“Histories” was one of three designations (along with “Comedies” and “Tragedies”) used to categorize the plays of William Shakespeare in the highly influential “First Folio” collection of his plays published in 1623, about seven years after Shakespeare’s death in 1616. The three designations have held up remarkably well in the 500 years since they were made, especially for the ten plays that were categorized as histories.
Many of Shakespeare’s plays that are set in the historical past are not categorized as “histories”—even those such as Julius Caesar and Hamlet that treat similar themes as bona fide histories including kingship, revolt, and royal intrigues. The ten “histories” are all fictionalized accounts of an English monarch who would have been reasonably well known to Shakespeare and his audience. Eight of these ten plays form a series that is linked through a continuous string of kings’ reigns in late medieval English history, although they were not written in the same order as the reigns they cover. One of the histories that falls outside of this group, King John, takes place about 175 years before the main eight history plays began, while the other, Henry VIII, takes place about 50 years after it ended.
The focus of the main eight Shakespeare history plays is a roughly 85-year period of conflict ending in 1455 that historians later named “The Wars of the Roses.” This series of English civil wars pitted members of two families that had both descended from King Edward III, who died in 1377, against each other. Roses are referenced because the York family used a white rose to symbolize their house, while the Lancaster family used a red one. This turbulent period was marked by multiple instances of a claimant from one house taking the throne, only to have a cousin from the other house (or sometimes from the same house) assume the crown.
A theme that unites most of the “histories”—as well as some of Shakespeare’s plays focused on monarchs that do not fall into the “histories” designation, such as Julius Caesar and Hamlet—is the question of divine authority in the appointment of kings. These plays also explore the consequences (which often include being haunted by ghosts) for those who depose or murder kings who have been divinely appointed.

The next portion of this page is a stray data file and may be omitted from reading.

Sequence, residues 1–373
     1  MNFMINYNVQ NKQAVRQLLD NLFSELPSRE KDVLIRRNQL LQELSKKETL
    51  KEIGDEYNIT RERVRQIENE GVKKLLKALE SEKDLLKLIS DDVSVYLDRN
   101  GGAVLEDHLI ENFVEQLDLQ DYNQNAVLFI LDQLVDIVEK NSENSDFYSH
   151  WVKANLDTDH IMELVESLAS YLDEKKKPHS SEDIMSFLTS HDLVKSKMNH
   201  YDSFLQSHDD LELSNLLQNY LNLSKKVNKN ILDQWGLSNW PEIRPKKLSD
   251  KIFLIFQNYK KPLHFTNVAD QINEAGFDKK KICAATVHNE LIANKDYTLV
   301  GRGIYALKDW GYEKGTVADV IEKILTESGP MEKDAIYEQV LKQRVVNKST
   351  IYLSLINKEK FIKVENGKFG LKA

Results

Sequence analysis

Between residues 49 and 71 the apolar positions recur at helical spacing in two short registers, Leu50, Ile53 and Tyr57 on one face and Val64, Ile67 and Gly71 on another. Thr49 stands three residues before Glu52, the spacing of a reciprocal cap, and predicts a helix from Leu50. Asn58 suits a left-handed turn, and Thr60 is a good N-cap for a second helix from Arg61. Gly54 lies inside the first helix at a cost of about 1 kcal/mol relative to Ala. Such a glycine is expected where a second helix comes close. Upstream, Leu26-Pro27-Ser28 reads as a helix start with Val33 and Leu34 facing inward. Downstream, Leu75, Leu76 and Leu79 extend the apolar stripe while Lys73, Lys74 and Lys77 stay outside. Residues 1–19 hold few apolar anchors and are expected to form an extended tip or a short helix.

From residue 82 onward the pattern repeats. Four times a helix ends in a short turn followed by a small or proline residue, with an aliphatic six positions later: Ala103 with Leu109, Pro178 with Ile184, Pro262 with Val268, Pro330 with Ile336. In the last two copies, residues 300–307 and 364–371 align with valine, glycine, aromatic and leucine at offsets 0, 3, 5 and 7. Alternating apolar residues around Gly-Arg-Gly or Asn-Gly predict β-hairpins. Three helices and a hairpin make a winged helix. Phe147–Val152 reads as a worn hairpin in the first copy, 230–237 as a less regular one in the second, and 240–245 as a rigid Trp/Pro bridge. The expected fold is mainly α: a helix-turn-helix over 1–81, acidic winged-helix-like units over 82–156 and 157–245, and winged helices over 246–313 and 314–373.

Shakespeare wrote his eight main history plays in two tetralogies, or sequences of four plays, apiece. The first series, written near the start of his career (roughly 1589–1593), consists of Henry VI, Part 1; Henry VI, Part 2; Henry VI, Part 3; and Richard III, and covers events in English history between about 1422 and 1485. The second tetralogy, written at the height of Shakespeare’s career (roughly 1595–1599), covers the preceding period English history, from around 1398 to 1420. This series consists of Richard II as well as probably the three most famous celebrated of his history plays, Henry IV, Part 1; Henry IV, Part 2; and Henry V.
Although the events he writes about occurred some two centuries before his own time, Shakespeare expected his audience to be familiar with the characters and events he was describing. The battles among houses and the rise and fall of kings were woven into the cultural fabric of England and formed an integral part of the country’s patriotic legends and national mythology. In some ways, this knowledge is like the American public’s general awareness of the events and figures surrounding the American Revolution, which occurred more than two centuries ago. As it did for the English people of Shakespeare’s era, the passage of time has obscured many of the specific details of important historical events for the American people, so that the figures and battles of the American Revolution are, to some degree, clouded in myth. Shakespearean history is similarly often inaccurate in its details, although it reflects popular conceptions of history.
Shakespeare drew on several sources in writing his history plays, as he did in nearly all his work. His primary source for historical material is generally agreed to be the second edition of Raphael Holinshed’s massive work The Chronicles of England, Scotland and Ireland, published in 1587. This account provides the fundamental chronology of events that Shakespeare follows, alters, or conveniently ignores to suit his dramatic purposes. Shakespeare may well have used any number of other sources. For example, scholars have suggested at least seven possible primary sources for Richard II.